Call me Ishmael.
You just read one of the most recognizable first lines in all literature opening one of the most immersive and rewarding reads there is. But what’s the big deal? Why read it? Here’s why. Moby Dick sprawls across the pages, from New Bedford to the South Seas and from a hopeful beginning to a disastrous end. Its language is monumental, springing from the biblical and Shakespearean texts that were Herman Melville’s cultural foundation. Its characters, Ahab, Ishmael, Starbuck, Queequeg, Tashtego, Pip, are fully alive and compelling and, to use an anachronistic word, diverse. The discursive chapters on whales and whaling draw you into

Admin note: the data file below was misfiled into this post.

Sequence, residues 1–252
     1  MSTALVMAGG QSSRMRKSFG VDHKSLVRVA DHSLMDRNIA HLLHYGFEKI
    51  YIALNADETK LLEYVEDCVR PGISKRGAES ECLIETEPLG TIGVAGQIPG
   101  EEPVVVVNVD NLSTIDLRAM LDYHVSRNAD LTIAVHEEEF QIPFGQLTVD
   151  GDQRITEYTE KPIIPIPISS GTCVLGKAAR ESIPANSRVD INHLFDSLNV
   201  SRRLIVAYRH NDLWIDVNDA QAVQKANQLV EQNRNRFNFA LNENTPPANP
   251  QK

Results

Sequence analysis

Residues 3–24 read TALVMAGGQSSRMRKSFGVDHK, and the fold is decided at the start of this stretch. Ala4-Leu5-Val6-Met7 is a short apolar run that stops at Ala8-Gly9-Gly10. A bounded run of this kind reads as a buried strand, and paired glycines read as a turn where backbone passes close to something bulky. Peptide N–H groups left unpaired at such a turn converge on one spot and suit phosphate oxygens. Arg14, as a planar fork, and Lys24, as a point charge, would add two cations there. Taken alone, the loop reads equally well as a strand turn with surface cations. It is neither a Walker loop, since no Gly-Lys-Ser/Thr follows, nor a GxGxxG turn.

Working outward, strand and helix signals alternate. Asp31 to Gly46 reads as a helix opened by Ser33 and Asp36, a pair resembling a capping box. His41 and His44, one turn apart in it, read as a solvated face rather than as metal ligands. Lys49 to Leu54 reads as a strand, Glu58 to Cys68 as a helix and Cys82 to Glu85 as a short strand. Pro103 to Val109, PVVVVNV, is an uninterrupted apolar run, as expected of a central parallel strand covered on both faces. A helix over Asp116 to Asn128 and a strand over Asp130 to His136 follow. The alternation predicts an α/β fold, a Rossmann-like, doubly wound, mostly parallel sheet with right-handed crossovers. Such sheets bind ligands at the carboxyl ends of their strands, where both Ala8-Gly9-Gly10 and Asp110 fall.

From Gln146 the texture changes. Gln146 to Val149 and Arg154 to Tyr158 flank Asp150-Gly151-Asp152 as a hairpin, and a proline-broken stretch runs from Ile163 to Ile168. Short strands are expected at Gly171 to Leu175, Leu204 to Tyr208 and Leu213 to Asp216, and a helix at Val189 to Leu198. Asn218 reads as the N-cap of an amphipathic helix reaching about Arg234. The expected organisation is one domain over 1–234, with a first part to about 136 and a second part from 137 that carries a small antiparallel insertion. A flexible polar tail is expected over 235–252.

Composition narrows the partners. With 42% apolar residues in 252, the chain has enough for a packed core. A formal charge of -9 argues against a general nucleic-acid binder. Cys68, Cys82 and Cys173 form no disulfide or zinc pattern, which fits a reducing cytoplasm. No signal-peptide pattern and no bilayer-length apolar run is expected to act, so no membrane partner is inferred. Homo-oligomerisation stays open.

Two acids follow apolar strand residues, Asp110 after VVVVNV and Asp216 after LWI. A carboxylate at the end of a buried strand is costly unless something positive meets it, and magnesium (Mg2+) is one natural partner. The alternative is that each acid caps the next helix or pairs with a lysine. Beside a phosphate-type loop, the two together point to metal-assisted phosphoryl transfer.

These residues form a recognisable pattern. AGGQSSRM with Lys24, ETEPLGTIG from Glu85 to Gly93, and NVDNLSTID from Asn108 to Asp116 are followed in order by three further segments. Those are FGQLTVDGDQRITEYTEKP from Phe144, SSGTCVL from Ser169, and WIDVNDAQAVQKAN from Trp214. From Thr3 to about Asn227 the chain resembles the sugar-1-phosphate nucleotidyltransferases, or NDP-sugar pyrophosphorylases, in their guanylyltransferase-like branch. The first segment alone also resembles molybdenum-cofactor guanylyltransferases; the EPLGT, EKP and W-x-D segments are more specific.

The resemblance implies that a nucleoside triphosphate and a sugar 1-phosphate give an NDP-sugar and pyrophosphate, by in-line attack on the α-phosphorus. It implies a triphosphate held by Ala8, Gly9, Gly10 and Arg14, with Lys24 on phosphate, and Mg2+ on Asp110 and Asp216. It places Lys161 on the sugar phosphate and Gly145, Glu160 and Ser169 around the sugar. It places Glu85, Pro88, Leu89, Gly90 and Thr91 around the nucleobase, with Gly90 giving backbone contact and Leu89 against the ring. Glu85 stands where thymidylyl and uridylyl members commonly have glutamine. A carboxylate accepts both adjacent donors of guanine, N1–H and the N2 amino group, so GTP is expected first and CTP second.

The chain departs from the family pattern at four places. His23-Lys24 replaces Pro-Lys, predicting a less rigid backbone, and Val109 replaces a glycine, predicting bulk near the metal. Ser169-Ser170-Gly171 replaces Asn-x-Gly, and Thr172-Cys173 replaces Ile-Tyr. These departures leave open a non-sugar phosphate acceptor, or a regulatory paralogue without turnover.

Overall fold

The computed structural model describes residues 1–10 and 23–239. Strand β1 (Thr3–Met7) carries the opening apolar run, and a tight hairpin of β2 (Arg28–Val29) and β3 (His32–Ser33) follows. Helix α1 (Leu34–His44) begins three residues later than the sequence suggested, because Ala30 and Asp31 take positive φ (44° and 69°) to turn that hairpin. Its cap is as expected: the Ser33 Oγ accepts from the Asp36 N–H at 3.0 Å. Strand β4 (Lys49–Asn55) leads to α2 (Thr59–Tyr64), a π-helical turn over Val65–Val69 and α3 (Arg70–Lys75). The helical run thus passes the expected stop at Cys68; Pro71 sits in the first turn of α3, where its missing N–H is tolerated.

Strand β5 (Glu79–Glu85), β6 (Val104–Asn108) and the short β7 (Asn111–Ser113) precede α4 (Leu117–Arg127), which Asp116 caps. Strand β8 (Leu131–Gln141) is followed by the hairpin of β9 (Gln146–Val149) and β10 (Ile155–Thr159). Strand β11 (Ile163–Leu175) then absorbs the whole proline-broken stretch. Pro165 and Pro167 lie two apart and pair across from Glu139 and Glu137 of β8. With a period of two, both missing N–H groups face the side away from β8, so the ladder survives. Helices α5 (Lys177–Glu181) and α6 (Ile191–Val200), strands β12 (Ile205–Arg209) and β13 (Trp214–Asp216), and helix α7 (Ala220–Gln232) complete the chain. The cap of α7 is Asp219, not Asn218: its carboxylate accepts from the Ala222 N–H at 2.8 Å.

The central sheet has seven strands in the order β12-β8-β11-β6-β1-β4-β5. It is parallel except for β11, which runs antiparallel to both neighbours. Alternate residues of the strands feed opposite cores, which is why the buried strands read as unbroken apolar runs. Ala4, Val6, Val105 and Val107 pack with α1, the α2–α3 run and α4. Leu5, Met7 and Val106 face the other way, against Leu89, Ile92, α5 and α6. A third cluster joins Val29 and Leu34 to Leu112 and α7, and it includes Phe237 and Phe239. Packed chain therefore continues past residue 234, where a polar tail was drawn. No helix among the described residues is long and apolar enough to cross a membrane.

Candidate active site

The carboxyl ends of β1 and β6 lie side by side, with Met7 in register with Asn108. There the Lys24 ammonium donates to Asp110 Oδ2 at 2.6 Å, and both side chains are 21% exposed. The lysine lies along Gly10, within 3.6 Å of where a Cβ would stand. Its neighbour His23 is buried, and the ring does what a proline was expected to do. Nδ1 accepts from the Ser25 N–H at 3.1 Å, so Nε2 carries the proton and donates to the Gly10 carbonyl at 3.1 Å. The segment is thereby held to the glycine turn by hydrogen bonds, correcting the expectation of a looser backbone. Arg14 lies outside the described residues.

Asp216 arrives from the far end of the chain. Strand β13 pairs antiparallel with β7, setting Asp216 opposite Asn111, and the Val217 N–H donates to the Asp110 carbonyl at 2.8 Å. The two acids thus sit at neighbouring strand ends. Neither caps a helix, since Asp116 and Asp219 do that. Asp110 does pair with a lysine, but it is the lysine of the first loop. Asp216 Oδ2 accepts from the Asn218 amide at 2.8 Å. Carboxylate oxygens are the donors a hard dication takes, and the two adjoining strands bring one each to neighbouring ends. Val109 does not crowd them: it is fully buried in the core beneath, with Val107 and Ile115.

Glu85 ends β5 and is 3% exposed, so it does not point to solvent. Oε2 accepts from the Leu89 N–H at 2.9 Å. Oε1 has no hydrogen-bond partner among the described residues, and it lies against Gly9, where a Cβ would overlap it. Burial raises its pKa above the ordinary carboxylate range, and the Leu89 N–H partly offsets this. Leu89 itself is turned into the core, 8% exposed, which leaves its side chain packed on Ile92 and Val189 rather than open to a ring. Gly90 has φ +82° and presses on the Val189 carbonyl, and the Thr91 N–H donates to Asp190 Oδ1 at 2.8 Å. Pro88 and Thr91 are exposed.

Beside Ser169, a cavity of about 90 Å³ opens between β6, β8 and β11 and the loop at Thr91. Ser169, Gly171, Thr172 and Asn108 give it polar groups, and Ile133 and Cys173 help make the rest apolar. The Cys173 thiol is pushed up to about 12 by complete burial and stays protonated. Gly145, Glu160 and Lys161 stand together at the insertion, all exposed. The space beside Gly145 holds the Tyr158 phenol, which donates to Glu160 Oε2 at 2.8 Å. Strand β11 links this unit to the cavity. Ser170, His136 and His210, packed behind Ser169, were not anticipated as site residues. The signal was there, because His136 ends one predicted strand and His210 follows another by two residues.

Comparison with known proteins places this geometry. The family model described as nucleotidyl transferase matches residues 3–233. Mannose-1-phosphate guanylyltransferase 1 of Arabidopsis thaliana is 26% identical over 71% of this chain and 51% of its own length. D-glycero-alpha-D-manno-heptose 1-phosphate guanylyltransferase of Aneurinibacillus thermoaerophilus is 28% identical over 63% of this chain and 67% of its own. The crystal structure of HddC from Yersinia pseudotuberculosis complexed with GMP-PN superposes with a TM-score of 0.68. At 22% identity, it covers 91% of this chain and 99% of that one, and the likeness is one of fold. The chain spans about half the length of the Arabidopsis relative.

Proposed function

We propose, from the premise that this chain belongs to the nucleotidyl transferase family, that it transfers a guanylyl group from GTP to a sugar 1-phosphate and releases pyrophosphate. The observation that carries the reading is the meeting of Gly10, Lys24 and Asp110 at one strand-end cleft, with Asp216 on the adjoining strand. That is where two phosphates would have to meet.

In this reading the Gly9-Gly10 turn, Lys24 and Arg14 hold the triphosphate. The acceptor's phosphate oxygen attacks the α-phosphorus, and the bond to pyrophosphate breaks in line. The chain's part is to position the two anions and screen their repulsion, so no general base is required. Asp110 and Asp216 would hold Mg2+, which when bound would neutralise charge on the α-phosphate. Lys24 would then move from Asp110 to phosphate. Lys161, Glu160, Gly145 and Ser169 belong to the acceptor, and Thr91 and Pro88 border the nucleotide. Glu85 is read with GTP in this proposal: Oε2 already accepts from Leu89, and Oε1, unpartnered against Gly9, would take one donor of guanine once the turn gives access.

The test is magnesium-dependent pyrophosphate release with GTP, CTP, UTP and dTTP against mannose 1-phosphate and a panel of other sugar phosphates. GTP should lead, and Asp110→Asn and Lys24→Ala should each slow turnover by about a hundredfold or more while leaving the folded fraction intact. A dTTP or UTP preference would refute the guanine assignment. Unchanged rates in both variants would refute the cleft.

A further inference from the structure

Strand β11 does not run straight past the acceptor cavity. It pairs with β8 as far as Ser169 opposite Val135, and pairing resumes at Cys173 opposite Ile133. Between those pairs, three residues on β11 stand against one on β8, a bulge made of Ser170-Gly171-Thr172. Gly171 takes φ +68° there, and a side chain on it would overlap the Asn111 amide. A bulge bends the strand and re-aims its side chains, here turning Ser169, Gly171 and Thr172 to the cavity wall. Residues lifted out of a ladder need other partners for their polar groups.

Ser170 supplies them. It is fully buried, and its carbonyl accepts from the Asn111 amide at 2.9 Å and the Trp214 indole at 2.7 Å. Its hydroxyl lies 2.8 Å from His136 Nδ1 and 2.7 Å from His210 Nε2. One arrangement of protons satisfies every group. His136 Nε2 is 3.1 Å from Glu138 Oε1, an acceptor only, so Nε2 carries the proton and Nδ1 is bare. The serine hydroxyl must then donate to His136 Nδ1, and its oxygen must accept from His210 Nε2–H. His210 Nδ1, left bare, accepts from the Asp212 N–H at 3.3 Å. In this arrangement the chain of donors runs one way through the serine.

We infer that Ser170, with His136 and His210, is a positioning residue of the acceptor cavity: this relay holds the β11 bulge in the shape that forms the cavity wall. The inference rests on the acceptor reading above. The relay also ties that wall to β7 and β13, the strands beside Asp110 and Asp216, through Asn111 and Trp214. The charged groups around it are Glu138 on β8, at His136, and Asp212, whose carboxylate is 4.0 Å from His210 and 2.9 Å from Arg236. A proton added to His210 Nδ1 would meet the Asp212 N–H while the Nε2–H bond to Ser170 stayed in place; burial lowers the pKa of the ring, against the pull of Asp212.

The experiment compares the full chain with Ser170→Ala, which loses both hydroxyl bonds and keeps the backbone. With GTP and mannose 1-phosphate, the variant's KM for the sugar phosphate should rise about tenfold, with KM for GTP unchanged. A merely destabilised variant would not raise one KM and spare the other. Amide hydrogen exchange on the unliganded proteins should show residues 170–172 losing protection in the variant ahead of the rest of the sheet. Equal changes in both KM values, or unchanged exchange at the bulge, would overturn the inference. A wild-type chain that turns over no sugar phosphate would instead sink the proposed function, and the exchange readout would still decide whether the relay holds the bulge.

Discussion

world and way of life that’s lost. The whale itself is a force of nature, both aggressor and aggressed against.
First published in 1851, Herman Melville created Moby Dick out of his own experiences as a sailor in the whale fishery, and on